Just the other week, I wrote a post (here) on the importance of recognizing the problems with using the concept of culture to understand Deaf social relations. I just came across a great article about immigrant sociology that makes the same point called “Herder’s Heritage” for short. I will quote from it at length because the argument is much better than the one I made. The final paragraph is the most important one, and it corresponds to points #1–4 on my earlier post What do sign language interpreters need to accomplish? In other words, I think the framework that interpreters use to understand “Deaf culture”, and indeed the framework that has been taught to many in the Deaf community, needs massive revision. Andreas Wimmer explains why:
“In the eyes of 18th-century philosopher Johann Gottfried Herder, the social world was populated by distinct peoples, analogous to the species of the natural world. Rather than dividing humanity into “races” depending on physical appearance and innate character (Herder 1968:179) or ranking peoples on the basis of their civiliza- tional achievements (Herder 1968:207, 227), as was common in French and British writings of the time, Herder insisted that each people represented one distinctive manifestation of a shared human capacity for cultivation (or Bildung) (e.g. 1968:226; but see Berg 1990 for Herder’s ambiguities regarding the equality of peoples).
Herder’s account of world history, conveyed in his sprawling and encyclopedic Ideen zur Philosophie der Geschichte der Menschheit, tells of the emergence and dis- appearance of different peoples, their cultural flourishing and decline, their migra- tions and adaptations to local habitat, and their mutual displacement, conquest, and subjugation. Each of these peoples was defined by three characteristics. First, each forms a community held together by close ties among its members (cf. 1968:407), or, in the words of the founder of romantic political theory Adam Mu ̈ller, a “Volksge- meinschaft.” Secondly, each people has a consciousness of itself, an identity based on a sense of shared destiny and historical continuity (1968:325). And finally, each people is endowed with its own culture and language that define a unique worldview, the “Genius eines Volkes” in Herderian language (cf. 1968:234). …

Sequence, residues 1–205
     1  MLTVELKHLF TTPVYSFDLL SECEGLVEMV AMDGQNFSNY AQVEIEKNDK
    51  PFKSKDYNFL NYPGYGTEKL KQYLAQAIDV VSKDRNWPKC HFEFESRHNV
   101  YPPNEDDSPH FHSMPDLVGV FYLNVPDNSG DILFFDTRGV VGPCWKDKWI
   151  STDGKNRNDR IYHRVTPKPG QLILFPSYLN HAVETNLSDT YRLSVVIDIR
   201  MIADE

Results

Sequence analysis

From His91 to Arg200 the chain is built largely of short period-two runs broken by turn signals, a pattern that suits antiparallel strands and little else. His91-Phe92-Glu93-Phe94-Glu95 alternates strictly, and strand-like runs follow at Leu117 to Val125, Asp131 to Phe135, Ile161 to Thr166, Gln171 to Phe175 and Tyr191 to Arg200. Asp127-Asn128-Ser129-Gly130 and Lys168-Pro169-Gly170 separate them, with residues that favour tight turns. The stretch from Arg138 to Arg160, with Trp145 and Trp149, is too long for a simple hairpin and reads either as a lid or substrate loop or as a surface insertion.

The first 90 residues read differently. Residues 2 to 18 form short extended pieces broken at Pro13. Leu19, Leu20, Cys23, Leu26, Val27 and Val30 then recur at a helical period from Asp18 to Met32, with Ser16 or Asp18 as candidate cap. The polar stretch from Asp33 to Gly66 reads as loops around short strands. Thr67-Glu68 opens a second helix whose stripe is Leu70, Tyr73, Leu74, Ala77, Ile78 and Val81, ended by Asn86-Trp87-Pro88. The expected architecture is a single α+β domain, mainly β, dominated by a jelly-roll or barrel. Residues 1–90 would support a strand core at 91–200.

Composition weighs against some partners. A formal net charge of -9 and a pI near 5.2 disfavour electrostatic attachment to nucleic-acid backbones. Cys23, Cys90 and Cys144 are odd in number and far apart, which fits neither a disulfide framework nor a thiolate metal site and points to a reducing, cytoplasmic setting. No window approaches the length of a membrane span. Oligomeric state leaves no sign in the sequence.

But I should first discuss Herder’s heritage, which has left its mark not only on his direct descendants in folklore studies and cultural anthropology (Berg 1990; Wimmer 1996), but also on sociology and history.
In the following review, I will limit the discussion—for better or for worse—to North American intellectual currents, which are a source of inspiration to many discussions in other national contexts, and to three sets of approaches: various strands of assimilation theory, multiculturalism, and ethnic studies. As we will see, these paradigms rely on Herderian ontology to different degrees and emphasize different elements of the Herderian trinity of ethnic community, culture, and identity. They all concur, however, in taking ethnic groups as self-evident units of analysis and observation, assuming that dividing an immigrant society along ethnic lines—rather than class, religion, and so forth—is the most adequate way of advancing empirical understanding of immigrant incorporation. …
In conclusion, we can gain considerable analytical leverage if we conceive of immigrant incorporation [or Deaf social relations] as the outcome of a struggle over the boundaries of inclusion in which all members of a society are involved, including institutional actors such as civil society organizations, various state agencies, and so on. By focusing on these struggles, the ethnic group formation paradigm helps to avoid the Herderian ontology, in which ethnic communities appear as the given building blocks of society, rather than as the outcome of specific social processes in need of comparative explanation.”
Wimmer, A. (2009). Herder’s Heritage and the Boundary‐Making Approach: Studying Ethnicity in Immigrant Societies. Sociological Theory, 27(3), 244–270.